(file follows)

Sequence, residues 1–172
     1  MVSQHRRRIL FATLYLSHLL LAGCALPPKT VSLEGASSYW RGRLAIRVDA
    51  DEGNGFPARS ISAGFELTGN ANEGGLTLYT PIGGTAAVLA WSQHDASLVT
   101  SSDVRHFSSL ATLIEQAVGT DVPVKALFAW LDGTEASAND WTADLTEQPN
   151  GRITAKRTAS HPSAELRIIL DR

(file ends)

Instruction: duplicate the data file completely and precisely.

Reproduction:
Sequence, residues 1–172
     1  MVSQHRRRIL FATLYLSHLL LAGCALPPKT VSLEGASSYW RGRLAIRVDA
    51  DEGNGFPARS ISAGFELTGN ANEGGLTLYT PIGGTAAVLA WSQHDASLVT
   101  SSDVRHFSSL ATLIEQAVGT DVPVKALFAW LDGTEASAND WTADLTEQPN
   151  GRITAKRTAS HPSAELRIIL DR